After a blistering June for much of the nation, the summer is just getting started. The next two months are typically when temperatures really ramp up. Here’s what you need to know to stay safe in the summer heat and sun.
While people tend to be more concerned about tornadoes, flooding, and hurricanes, those aren’t what kill most people in the United States every year. More people die annually from heat in the US compared to any other weather-related fatalities.
According to the NOAA, the number of Americans who die each year to heat is almost twice of those who die in floods, double the number who die from tornadoes, and triple the amount of people who die in tropical storms and hurricanes.
The most important step you need to take to stay safe in the summer heat is to ensure you are properly hydrated. Drink more than you think you need to. By the time you begin to feel thirsty, you could already be significantly dehydrated.
The following signs show you that you are becoming dehydrated: Thirst, dry mouth, dark or tea-colored urine or a decrease in urination, dry skin, muscle cramping, fatigue, headache, low blood pressure and constipation.
If you are outdoors in the summer heat and/or direct sunlight, you could be losing more fluids than you realize, as the summer sun drains you of fluids through perspiration. Make to take the following steps:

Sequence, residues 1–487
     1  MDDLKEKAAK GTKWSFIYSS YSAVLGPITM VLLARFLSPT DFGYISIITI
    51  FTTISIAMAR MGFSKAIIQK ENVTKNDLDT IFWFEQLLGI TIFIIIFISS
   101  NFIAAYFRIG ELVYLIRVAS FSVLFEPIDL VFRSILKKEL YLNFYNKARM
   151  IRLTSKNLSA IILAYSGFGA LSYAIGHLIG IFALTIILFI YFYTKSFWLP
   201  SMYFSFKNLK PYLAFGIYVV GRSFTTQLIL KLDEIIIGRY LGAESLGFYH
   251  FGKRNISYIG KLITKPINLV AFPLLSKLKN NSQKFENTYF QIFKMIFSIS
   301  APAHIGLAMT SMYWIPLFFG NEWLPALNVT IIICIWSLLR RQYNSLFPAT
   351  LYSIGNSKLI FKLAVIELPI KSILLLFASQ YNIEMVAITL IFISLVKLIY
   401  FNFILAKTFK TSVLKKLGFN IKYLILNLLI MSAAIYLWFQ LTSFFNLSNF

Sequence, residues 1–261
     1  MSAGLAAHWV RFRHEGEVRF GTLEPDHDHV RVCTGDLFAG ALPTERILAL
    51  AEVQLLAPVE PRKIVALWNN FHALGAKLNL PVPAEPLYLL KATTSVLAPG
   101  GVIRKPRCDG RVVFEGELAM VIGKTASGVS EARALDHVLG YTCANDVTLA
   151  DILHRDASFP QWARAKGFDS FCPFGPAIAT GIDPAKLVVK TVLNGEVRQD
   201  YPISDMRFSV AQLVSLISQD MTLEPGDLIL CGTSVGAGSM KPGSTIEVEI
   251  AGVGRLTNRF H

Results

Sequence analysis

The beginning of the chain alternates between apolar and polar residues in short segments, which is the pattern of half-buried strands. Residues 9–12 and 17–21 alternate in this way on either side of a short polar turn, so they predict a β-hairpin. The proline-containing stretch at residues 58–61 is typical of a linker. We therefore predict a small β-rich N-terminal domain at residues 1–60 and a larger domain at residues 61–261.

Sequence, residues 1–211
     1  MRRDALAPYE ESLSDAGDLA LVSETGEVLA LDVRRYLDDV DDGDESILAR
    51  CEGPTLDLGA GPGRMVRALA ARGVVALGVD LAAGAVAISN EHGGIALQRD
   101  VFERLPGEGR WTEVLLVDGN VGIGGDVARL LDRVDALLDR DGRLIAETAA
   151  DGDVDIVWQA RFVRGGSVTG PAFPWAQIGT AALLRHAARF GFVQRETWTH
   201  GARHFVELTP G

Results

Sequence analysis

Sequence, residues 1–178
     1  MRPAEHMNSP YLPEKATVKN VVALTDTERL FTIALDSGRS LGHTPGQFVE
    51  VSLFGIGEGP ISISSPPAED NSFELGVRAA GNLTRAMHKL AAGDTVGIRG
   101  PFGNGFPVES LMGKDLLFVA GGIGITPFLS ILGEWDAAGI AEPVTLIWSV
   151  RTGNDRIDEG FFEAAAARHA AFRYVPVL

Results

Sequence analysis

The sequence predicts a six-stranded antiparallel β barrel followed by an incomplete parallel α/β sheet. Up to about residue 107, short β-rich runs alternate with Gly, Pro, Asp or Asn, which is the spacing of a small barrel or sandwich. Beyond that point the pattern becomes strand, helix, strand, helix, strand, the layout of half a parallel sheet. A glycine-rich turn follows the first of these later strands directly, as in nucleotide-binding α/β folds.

If you’re out in the sun, you need to go beyond the basic rule of thumb of drinking eight 8-ounce glasses of water per day – it may not be enough. If you’re exerting yourself in the heat, you’re probably perspiring. An active person can lose two liters of fluid due to sweat during activity. For a person when 150 pounds, that’s getting close to half their total amount of body water, according to Prevention. Therefore, you’ll need to drink even more water than normal to keep your fluid levels where they are supposed to be.
Consuming the right fruits and vegetables, which contain high amounts of water, can give you extra hydration.
Electrolytes are minerals in the body that are lost at a high rate with active perspiration. One way to quickly replenish your fluids and counteract dehydration is to consume sports drinks containing electrolytes.
Excessive exposure to direct sunlight can do more than burn you, it can cause skin cancer, as well as can cause wrinkles and long-term damage to your skin. That’s why it’s also good to use sunscreen that contains a dry skin moisturizer. Here are some tips for getting the best protection from sunscreen and when to apply it.
Some people wrongly believe the SPF rating on sunscreen means time. The SPF rating of sunscreen refers to the amount of UV protection it provides, not how long it lasts. For example, with SPF 30, it would take you 30 times longer to burn than if you were wearing no sunscreen. Also, make sure you choose a sunscreen that protects you against both UVB and UVA rays. No matter the SPF rating, YOU MUST reapply sunscreen every two hours for it to remain effective.
Many people don’t take into account the fact of how dangerous the rays of the sun are coming through the side and rear windows of vehicles. While car windshields are manufactured to block both UVB and UVA rays, side and rear windows typically aren’t. The more dangerous UVA rays, which go deeper into the skin, still affect you through side windows, according to Prevention. Scores of people are diagnosed with skin cancer every year as a result of sun exposure while driving or riding. Any time you’re driving during sunny conditions for 30 minutes or more, or even shorter if you’re in an environment like the desert, apply sunscreen to all the skin on whichever side of your body will be exposed.